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Head of State

Head of state

chief of state
This article is about the political term. 

Head of the Commonwealth since 1952, Queen Elizabeth II is currently the longest serving head of state.

A head of state (or chief of state) is the public persona that officially represents the national unity and legitimacy of a sovereign state.[1] In some countries, the head of state is a ceremonial figurehead with limited or no executive power, while in others, the head of state is also the head of government.

In countries with parliamentary governments, the head of state is typically a ceremonial figurehead that does not actually guide day-to-day government activities and may not be empowered to exercise any kind of secular political authority (e.g., Queen Elizabeth II as Head of the Commonwealth).[2] In countries where the chief of state is also the head of government, the president serves as both a public figurehead and the actual highest ranking political leader who oversees the executive branch (e.g., the President of the United States).[1]

Former French president Charles de Gaulle, while developing the current Constitution of France (1958), said the chief of state should embody l’esprit de la nation (“the spirit of the nation”).

Constitutional models 

Grassalkovich Palace in Bratislava is the seat of the President of Slovakia.

Some academic writers discuss states and governments in terms of “models”.[4][5][6][7]

An independent nation state normally has a chief of state, and determines the extent of its head’s executive powers of government or formal representational functions.[8] In protocolary terms, the head of a sovereign, independent state is usually identified as the person who, according to that state’s constitution, is the reigning monarch, in the case of a monarchy, or the president, in the case of a republic.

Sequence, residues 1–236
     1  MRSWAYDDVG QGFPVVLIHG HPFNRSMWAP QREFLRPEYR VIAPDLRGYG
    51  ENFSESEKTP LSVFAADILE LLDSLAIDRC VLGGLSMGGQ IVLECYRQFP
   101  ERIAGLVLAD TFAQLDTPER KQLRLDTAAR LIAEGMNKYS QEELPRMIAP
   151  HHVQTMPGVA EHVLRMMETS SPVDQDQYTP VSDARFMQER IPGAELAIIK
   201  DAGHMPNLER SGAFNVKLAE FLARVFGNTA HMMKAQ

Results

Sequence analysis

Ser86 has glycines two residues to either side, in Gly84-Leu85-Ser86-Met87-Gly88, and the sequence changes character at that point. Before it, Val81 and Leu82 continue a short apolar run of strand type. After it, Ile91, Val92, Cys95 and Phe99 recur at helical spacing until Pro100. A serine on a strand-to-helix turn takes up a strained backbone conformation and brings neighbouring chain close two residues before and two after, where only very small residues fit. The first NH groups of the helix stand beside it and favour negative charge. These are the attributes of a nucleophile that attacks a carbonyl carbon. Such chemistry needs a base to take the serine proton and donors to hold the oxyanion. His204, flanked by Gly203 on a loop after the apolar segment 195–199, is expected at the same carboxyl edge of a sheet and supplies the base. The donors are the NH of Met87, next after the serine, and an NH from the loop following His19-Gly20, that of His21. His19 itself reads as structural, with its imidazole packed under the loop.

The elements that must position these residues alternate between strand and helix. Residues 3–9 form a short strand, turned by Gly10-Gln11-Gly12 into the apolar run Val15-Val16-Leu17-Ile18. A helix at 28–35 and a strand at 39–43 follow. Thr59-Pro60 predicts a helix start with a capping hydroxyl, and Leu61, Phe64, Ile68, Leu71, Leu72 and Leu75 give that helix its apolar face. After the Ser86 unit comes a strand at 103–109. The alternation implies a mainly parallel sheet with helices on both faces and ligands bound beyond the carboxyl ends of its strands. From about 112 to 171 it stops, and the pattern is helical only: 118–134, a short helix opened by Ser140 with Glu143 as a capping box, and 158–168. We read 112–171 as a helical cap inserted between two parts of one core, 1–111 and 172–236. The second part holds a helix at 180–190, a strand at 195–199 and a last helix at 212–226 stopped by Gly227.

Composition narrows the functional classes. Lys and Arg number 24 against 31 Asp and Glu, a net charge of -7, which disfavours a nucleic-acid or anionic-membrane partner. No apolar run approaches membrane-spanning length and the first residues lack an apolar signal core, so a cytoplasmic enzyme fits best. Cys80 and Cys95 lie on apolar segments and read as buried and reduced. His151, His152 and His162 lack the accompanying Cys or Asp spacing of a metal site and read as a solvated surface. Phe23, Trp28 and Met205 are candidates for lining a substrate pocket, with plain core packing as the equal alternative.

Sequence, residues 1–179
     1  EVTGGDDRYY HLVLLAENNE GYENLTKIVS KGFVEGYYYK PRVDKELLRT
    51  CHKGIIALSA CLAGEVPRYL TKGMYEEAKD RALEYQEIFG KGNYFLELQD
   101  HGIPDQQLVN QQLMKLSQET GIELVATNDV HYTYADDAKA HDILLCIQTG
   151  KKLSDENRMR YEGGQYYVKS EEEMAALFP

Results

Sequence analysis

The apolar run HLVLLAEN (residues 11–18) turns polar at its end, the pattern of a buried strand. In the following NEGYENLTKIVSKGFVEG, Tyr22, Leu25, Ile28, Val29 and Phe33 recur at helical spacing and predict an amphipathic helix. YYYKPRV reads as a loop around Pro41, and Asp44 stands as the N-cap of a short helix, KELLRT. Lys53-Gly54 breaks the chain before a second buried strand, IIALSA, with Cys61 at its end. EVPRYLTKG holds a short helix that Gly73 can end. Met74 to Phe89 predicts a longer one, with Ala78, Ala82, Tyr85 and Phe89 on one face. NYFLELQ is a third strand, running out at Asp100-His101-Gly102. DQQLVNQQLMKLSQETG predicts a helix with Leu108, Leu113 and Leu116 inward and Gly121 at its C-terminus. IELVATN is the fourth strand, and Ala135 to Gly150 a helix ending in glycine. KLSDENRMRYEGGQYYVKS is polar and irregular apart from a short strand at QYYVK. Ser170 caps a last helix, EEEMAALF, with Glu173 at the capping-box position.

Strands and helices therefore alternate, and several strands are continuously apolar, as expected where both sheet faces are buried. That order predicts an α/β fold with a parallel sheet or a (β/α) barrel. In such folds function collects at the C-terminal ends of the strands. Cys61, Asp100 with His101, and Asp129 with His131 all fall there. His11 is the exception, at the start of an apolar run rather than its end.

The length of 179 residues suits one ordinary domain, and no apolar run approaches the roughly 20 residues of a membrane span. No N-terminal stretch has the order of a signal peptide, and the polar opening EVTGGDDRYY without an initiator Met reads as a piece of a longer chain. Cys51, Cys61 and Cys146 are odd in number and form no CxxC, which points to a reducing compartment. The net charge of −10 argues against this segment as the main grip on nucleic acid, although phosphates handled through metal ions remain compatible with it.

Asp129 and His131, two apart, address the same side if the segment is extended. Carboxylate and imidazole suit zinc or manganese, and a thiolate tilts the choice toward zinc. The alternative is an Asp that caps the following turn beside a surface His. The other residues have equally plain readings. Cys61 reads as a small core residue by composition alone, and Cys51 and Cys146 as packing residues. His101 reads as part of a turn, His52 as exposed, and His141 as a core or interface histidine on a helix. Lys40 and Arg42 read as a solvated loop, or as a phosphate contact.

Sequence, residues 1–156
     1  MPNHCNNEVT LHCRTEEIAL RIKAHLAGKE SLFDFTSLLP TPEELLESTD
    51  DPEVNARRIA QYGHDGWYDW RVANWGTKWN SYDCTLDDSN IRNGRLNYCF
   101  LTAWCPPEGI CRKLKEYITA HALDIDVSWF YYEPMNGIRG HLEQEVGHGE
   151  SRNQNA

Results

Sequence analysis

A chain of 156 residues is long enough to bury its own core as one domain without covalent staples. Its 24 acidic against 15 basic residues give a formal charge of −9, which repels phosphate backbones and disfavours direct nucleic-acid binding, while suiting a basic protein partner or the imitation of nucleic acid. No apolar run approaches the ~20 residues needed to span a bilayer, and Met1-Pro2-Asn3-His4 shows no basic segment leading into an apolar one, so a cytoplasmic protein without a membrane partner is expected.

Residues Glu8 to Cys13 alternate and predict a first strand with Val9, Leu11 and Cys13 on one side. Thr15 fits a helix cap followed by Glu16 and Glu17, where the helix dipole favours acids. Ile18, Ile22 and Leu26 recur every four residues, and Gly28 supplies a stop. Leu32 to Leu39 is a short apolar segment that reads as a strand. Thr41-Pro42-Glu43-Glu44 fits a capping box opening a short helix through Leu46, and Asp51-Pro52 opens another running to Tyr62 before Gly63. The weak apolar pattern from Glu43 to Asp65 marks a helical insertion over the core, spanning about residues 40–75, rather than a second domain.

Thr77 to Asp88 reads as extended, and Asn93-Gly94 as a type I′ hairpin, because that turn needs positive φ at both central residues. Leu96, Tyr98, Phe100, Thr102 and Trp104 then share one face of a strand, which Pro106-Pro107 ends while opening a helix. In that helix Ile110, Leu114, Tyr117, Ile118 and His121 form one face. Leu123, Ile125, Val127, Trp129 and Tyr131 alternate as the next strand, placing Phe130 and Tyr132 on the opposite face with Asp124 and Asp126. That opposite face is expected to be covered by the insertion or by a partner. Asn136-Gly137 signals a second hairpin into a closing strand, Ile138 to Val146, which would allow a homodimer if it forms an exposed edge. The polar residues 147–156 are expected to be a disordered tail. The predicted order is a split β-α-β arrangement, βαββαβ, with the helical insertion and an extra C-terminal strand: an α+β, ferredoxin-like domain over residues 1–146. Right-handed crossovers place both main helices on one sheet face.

Among the different state constitutions (fundamental laws) that establish different political systems, four major types of chief of state can be distinguished:

  1. The parliamentary system, with two subset models;
    1. The standard model, in which the head of state, in theory, possesses key executive powers, but the exercise of such power is done on the binding advice of a head of government (e.g., United Kingdom, India, Pakistan).
    2. The non-executive model, in which the head of state has either none or very limited executive powers, and mainly has a ceremonial and symbolic role (e.g., Sweden, Japan, Israel).
  2. The semi-presidential system, in which the head of state shares key executive powers with a head of government or cabinet (e.g., Russia, France, Sri Lanka); and
  3. The presidential system, in which the head of state is also the head of government and has all executive powers (e.g., United States, Indonesia).

The same role in a federal constituent and a dependent territory is fulfilled by the corresponding office equivalent to that of a head of